Sarat Chandra Chattopadhyay

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Sarat Chandra Chatterji
শরৎ চন্দ্র চট্টোপাধ্যায়
Sharat Chandra Chatterji.jpg
Born (1876-09-15)15 September 1876
Debanandapur, Hooghly, Bengal Presidency, British Raj
(now in West Bengal, India)
Died 16 January 1938(1938-01-16) (aged 61)
Calcutta, Bengal Presidency, British Raj
(now Kolkata, West Bengal, India)
Pen name Anila Devi
Occupation Writer
Nationality British India
Ethnicity Bengali
Citizenship British Indian
Period 19th century-Early 20th century
Genre Novelist
Literary movement Bengal Renaissance

Sarat Chandra Chattopadhyay, alternatively spelt as Sarat Chandra Chatterjee, (15 September 1876 – 16 January 1938) was a Bengali novelist and short story writer of early 20th century.


Sarat Chandra Chattopadhyay was born on September 15, 1876,[1] at Debanandpur in Hooghly, West Bengal. He had his early schooling in a Pathshala in his village.[2]

In 1893, he moved to his maternal uncle’s home at Bhagalpur, where he lived for about 20 years. He gave up studies after obtaining his F.A. degree due to the demise of his parents.[3]

House of Chattopadhyay[edit]

Main article: Sarat Chandra Kuthi
Sarat Chandra's house at Samta.

After returning from Burma, Chattopadhyay stayed for 11 years in Baje Shibpur, Howrah. Then he made a house in the village of Samtabere. He spent the later years of his life as a novelist in Samtabere and in another house in Kolkata. His house in Samtaber is often called as Sarat Chandra Kuthi in the map of Samtaber or Samta, in the Howrah district of West Bengal.

The two storied Burmese style house was also home to Sarat Chandra's brother, Swami Vedananda, who was a disciple of Belur Math. His and his brother's samadhi can still be seen there. The trees like that of bamboo, galoncho and the guava trees planted by the renowned author are still tourist attractions.[4]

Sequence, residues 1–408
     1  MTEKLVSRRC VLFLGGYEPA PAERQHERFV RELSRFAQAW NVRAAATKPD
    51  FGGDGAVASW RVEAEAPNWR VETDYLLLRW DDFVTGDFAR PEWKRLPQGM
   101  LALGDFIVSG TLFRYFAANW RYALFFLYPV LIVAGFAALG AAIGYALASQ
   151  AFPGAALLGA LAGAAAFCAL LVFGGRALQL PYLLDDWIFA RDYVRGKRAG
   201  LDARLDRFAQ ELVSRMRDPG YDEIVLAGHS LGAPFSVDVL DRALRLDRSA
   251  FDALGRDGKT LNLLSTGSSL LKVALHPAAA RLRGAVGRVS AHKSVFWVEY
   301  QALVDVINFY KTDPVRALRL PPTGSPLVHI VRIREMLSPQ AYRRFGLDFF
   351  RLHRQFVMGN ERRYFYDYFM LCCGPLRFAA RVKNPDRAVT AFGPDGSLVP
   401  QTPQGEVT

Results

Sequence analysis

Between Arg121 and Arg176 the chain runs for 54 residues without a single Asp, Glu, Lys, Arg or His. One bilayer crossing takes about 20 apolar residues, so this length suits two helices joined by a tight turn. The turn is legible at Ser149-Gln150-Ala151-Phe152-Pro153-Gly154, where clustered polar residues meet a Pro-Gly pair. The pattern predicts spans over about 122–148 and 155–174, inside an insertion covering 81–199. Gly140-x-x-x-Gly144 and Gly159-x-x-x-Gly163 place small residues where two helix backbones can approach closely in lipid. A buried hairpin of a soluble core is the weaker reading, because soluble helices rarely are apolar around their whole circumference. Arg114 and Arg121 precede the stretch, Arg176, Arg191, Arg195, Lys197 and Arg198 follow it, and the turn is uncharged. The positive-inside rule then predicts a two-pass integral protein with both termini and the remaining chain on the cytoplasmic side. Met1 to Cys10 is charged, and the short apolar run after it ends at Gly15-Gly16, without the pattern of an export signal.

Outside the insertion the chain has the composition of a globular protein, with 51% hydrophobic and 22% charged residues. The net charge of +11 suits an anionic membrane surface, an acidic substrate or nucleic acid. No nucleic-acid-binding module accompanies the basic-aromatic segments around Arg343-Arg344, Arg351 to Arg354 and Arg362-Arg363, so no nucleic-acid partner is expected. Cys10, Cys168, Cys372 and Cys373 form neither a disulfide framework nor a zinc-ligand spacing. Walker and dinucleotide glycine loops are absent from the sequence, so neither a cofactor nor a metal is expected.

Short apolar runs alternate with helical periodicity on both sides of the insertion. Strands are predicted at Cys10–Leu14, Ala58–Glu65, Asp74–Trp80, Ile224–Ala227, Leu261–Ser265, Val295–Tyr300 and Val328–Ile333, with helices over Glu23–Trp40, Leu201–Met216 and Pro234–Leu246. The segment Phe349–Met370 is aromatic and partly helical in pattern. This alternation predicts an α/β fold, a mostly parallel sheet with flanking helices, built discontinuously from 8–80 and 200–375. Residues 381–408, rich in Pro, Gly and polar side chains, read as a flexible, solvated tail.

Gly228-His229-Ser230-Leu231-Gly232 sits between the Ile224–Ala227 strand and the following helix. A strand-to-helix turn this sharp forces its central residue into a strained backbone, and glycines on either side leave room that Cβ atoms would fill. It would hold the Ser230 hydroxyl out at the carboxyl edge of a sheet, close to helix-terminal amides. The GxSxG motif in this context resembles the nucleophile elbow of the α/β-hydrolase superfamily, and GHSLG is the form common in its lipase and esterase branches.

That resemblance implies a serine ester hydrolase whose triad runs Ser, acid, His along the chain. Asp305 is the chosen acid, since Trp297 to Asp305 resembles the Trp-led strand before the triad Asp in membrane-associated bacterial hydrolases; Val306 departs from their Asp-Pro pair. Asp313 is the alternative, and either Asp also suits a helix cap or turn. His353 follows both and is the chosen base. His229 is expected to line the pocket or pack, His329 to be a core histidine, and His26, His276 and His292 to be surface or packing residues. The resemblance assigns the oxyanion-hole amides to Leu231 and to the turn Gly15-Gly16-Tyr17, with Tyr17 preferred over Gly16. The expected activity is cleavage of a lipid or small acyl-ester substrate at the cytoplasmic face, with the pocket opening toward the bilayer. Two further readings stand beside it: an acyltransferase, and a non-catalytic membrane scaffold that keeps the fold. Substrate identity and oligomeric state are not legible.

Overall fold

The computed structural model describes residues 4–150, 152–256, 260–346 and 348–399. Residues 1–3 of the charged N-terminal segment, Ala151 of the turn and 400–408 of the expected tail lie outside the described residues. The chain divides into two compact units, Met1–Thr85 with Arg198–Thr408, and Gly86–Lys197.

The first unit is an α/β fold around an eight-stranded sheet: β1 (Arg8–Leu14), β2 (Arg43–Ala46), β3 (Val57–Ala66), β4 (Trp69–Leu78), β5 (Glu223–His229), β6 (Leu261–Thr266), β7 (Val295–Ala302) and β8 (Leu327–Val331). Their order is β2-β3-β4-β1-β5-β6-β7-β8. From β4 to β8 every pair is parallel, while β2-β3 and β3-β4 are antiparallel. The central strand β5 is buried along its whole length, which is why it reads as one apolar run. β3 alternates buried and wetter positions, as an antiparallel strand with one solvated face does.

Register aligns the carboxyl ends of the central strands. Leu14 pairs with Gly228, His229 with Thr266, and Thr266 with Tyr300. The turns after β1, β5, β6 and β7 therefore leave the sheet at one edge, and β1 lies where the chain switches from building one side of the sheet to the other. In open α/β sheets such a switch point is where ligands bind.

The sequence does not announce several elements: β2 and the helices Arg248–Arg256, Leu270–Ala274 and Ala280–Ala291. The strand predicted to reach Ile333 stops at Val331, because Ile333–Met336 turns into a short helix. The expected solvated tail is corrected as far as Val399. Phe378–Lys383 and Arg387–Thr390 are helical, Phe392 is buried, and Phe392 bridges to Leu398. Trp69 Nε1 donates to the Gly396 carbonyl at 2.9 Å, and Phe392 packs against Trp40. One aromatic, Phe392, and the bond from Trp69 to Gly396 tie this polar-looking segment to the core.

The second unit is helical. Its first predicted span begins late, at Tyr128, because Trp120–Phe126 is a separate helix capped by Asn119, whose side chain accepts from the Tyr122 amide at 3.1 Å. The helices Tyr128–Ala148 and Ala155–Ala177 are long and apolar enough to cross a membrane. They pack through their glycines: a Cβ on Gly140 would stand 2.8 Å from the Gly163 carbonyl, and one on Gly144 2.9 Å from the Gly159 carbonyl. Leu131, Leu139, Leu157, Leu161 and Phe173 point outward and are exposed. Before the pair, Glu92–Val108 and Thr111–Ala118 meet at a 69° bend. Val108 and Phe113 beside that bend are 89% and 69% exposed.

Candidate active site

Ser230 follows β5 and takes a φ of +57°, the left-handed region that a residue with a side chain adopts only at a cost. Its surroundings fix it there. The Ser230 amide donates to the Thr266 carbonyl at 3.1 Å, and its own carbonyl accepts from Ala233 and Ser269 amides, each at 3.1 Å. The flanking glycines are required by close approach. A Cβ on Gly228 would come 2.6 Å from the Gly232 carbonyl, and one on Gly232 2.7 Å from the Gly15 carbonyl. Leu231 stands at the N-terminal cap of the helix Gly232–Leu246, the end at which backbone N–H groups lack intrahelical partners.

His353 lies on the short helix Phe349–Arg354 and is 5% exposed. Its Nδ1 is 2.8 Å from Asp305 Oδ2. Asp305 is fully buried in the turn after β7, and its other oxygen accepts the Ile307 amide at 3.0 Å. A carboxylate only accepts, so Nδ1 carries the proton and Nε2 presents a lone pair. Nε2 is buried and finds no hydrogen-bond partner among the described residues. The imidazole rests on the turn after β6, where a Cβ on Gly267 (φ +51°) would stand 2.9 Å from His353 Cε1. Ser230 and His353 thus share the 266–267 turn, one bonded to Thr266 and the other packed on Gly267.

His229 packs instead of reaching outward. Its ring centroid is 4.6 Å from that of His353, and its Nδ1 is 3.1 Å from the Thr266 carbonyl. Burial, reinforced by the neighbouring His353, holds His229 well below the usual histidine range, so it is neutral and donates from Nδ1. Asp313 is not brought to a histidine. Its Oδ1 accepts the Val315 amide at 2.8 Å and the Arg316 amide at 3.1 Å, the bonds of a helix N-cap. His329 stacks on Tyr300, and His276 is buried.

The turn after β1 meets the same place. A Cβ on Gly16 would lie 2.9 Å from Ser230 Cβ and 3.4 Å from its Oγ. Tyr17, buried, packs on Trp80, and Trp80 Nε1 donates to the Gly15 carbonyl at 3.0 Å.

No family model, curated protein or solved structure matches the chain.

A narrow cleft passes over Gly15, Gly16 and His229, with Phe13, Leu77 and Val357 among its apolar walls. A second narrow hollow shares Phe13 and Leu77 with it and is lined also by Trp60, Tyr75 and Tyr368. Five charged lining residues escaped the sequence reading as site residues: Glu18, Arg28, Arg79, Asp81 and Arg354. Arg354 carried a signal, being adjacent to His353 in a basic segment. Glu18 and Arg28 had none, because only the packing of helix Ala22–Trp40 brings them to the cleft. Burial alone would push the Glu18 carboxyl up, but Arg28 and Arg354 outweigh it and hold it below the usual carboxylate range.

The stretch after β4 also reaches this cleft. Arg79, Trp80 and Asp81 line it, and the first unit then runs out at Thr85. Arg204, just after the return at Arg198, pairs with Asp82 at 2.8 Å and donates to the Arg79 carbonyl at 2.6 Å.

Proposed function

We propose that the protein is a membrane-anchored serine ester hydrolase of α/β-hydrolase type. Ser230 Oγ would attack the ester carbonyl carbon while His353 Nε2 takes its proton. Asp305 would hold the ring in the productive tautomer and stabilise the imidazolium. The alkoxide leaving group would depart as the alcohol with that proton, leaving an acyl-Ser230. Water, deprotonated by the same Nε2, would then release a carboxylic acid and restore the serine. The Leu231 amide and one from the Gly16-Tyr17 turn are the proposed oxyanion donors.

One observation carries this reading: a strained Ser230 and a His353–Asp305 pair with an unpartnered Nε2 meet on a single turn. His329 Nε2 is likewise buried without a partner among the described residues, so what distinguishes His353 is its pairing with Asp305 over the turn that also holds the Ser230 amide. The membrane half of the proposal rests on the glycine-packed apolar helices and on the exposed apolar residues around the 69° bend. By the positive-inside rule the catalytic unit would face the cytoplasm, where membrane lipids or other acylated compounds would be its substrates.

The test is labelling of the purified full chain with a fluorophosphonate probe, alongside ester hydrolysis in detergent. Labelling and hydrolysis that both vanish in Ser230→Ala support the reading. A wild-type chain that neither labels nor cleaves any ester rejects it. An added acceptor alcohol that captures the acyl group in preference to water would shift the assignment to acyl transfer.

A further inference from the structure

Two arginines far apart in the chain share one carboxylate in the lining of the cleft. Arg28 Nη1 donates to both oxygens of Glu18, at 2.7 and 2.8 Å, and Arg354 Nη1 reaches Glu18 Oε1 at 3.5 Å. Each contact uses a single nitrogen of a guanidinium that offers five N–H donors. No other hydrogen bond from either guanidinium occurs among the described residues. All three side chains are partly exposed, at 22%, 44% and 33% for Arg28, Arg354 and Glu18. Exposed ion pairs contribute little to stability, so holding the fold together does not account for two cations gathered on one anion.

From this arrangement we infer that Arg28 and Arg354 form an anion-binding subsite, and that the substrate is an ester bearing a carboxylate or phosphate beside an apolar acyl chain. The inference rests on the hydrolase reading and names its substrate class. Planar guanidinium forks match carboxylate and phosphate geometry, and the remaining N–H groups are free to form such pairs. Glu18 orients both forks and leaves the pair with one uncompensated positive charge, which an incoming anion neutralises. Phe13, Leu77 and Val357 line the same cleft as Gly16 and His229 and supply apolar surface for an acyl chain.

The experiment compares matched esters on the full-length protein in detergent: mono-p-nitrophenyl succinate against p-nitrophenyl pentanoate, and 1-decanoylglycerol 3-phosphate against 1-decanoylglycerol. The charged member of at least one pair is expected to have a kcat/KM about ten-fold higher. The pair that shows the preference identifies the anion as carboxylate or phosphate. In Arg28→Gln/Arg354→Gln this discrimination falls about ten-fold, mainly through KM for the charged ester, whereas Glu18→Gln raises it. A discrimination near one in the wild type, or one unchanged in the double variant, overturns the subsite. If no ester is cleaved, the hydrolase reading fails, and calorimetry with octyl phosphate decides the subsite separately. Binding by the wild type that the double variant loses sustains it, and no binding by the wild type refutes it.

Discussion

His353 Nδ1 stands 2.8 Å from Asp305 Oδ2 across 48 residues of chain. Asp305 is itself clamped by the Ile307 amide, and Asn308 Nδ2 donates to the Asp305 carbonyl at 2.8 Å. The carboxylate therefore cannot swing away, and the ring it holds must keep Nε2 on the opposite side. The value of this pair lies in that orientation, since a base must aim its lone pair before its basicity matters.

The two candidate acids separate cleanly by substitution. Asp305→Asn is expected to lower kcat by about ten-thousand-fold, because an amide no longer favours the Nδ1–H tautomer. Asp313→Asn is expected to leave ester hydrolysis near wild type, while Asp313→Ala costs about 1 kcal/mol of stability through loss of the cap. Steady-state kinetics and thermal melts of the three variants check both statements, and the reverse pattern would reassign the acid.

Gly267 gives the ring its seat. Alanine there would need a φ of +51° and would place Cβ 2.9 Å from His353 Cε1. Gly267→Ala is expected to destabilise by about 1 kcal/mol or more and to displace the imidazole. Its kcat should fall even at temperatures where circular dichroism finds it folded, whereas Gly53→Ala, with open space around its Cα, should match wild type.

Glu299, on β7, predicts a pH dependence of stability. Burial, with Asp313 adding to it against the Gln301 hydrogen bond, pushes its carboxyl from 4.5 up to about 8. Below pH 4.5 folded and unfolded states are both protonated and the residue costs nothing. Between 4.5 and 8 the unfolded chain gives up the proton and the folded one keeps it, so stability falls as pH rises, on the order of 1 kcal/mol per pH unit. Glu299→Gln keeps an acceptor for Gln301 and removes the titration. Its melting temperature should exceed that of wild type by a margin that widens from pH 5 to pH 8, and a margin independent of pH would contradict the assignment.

His works have been made into some fifty films in many Indian languages,[5] particularly his novel Devdas made into sixteen versions, from Bengali, Hindi to Telugu. Parineeta also been made twice. Majhli Didi (1967) by Hrishikesh Mukherjee and Swami (1977) for which he was awarded Filmfare Award for Best Story are other adaptations. Another famous film Chhoti Bahu (1971) is based on his novel Bindur Chhele. His Novel 'Datta' was adapted into a Bengali film (1976) starring Suchitra Sen and Soumitra Chatterjee in the lead roles.

The other movies based on his novel were Nishkriti, and Apne Paraye (1980) by Basu Chatterjee, starring Amol Palekar.[6] The Telugu film Thodi Kodallu (1957) is also based on this novel. Gulzar's 1975 film, Khushboo is majorly inspired by his work Pandit Mashay. The 1961 Telugu film Vagdanam by Acharya Atreya is loosely based on his novel Datta. Also the 2011 film Aalo Chhaya is based on his short story, Aalo O Chhaya.

See also[edit]


  1. ^ Bhattacharya, translation by Amitava (2006). Selected novels of Sarat Chandra Chatterjee. Philadelphia: Xlibris. p. 5. ISBN 1425721893. Retrieved 10 August 2015. 
  2. ^ Suresh, edited by Sushama (1999). Who's who on Indian stamps (1st ed.). Santa Cruz de Tenerife (Angel Guimera, 11): Mohan B. Daryanani. p. 73. ISBN 8493110108. 
  3. ^ Sinha, BY J. N. "The mortals of Devdas". Retrieved 2015-08-10. 
  4. ^ House of Sarat Chandra
  5. ^ Sarat Chandra Chattopadhyay at the Internet Movie Database
  6. ^ Gulzar; Govind Nihalani, Saibal Chatterjee (2003). Encyclopaedia of Hindi Cinema. Popular Prakashan. p. 337. ISBN 81-7991-066-0. 


  • Ganguly, Swagato. "Introduction". In Parineeta by Saratchandra Chattopadhyay. New Delhi: Penguin Books, 2005. (English translation)
  • Guha, Sreejata. "Introduction". In Devdas by Saratchandra Chattopadhyay. New Delhi: Penguin Books, 2002. (English translation)
  • Roy, Gopalchandra. Saratchandra, Ananda Publishers Pvt. Ltd., Kolkata
  • Sarat Rachanabali, Ananda Publishers Pvt. Ltd., Kolkata
  • Prithwindra Mukherjee. "Introduction" in Mahesh et autres nouvelles by Saratchandra Chatterji. Paris: Unesco/Gallimard, 1978. (French translation of Mahesh, Bindur chhele and Mejdidi by Prithwindra Mukherjee. Foreword by Jean Filliozat)
  • Dutt, A. K. and Dhussa, R. "Novelist Sarat Chandra's perception of his Bengali home region: a literary geographic study". Springer Link
  • Sil, Narasingha Prasad. "The life of Sharatchandra Chattopadhyay: drifter and dreamer". Fairleigh Dickinson University Press, 2012.

External links[edit]